Expand your song repertoire – 10 Tips for Singers

Young woman browses her song repertoire and CD collection

Is your current music collection limited? Do you find yourself returning to the same recordings and artists? Are you unsure where to look to broaden your musical tastes? Do you want to discover some great new singers?  In this blog post, I share ten tips for expanding your song repertoire and musical tastes.

Why build your Song Repertoire

Chef’s don’t only eat food because they’re hungry. They also eat to train their palate, to discover new flavours and learn other cooking techniques. In the same way, serious sports players regularly watch recordings of games to study gameplay and learn what the great players do. Artists also study paintings by the great masters to understand their techniques and their contribution to the field. So it is with singing. To succeed at singing you need to refine your appreciation for music, broaden your existing music tastes,  study what great singers of the past and present do and to apply your discoveries to improve your performance. All of this starts with building your song repertoire – your knowledge of great singers and your song library.

Ten Tips for Building Song Repertoire

1. Live Concerts

Nothing is more motivating that attending a live concert. A concert will expose you to new repertoire, performance techniques, performing spaces and keep you excited about practicing your singing. When you attend a concert, try not to skip the supporting act! Also, remember to take note on your phone of any songs and artists that interest you for further investigation. Not all your concerts need to be expensive and big name artists. Sometimes, the smaller more intimate concerts can be more rewarding.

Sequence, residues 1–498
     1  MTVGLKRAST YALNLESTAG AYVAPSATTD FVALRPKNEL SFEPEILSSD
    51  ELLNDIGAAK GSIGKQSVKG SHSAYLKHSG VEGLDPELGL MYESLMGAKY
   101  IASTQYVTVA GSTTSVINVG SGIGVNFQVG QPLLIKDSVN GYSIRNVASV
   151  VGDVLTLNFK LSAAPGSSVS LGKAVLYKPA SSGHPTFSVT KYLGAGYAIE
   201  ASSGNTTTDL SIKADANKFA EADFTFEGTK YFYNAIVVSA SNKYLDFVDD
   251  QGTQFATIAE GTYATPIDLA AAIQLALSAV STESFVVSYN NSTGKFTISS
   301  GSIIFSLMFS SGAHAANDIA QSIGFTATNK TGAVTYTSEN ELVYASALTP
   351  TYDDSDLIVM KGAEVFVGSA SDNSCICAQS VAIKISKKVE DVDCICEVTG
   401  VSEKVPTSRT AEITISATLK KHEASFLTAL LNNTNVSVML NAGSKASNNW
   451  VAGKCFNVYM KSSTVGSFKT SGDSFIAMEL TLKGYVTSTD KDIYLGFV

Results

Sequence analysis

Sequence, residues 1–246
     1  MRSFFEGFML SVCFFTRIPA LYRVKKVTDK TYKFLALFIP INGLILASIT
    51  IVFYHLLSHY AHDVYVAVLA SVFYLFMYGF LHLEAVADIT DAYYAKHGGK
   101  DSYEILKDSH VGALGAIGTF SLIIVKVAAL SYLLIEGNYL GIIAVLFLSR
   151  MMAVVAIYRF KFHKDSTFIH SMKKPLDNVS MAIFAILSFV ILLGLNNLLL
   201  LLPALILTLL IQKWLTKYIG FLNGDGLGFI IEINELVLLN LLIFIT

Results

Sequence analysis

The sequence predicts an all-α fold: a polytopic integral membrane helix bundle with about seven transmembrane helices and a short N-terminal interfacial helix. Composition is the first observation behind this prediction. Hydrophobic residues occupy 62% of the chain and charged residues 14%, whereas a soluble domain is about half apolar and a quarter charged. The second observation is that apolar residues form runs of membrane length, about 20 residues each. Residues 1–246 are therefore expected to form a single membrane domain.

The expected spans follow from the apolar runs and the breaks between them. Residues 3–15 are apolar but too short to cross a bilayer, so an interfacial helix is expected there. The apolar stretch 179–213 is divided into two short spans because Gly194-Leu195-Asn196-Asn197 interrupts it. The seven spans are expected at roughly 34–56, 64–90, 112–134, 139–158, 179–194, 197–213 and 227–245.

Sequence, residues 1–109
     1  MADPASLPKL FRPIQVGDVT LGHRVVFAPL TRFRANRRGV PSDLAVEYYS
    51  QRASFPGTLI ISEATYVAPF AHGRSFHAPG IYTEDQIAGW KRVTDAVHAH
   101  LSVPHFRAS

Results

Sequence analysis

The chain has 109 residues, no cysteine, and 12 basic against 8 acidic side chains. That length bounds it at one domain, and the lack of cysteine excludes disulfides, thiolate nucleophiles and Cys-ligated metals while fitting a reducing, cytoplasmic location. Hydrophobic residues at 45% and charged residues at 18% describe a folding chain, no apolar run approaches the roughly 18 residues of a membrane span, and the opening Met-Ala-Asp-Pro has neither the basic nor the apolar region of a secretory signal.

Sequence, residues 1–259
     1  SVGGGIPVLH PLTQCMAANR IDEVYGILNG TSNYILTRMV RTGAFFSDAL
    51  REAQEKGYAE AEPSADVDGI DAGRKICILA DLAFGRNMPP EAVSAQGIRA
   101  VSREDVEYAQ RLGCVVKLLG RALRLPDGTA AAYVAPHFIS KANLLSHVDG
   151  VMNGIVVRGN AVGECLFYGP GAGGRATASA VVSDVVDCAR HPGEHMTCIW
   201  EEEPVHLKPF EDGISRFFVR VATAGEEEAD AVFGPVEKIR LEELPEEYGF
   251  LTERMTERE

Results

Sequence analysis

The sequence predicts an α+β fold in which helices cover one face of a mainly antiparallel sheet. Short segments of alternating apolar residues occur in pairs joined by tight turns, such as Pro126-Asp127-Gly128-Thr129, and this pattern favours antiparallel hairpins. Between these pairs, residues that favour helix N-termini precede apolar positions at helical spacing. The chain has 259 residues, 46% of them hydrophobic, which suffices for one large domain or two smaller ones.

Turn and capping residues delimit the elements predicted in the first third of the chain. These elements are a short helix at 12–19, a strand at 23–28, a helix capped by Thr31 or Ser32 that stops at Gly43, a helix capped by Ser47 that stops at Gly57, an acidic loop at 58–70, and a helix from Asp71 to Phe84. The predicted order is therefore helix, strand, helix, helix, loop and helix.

2. Music Festivals

Music festivals are a special kind of live music event where you can be exposed to many artists, both established and upcoming in the same venue. It’s also a great way to meet other music enthusiasts who might also have suggestions for expanding your music library.  Australia has a booming culture of music festivals for singers. Here are just a few suggestions:

3. Award Winners

A great way to find artists who are leaders in their field and new songs is to search the internet for lists of award winners. There are many famous music industry awards, including the Grammy, Tony, Aria, MTV Video and World Music Awards. Additionally, many of the famous music magazines or music websites compile lists of all-time greatest singers. Their hits are great places to start for building your song repertoire. Some examples of great for singers are:

4. Digital Radio

Don’t limit yourself to conventional radio. Through the power of the internet you can browse hundreds of stations specialising in many genres of music. There’s really something for every taste! Let them play in the background while you browse the Web, answer e-mails, etc. If you hear a song you like, take note of the title, album, and artist for further listening. Some good internet radio providers include: pandora, tunein, soma.fm, spotify, and Apple Music.

5. Podcasts

Podcasts continue to gain popularity as a method to share news, reviews, opinions, interviews and music for download over the internet. An advantage is that you are not restricted to particular broadcast schedules and can listen to a podcast on the go or at any time that suits. Increasingly, radio stations that have specialty programs are making these available for listen at a later date via podcast. My personal favourite is PBS FM. There are also literally hundreds of podcasts dedicated to music and singing. Some suggested starting places: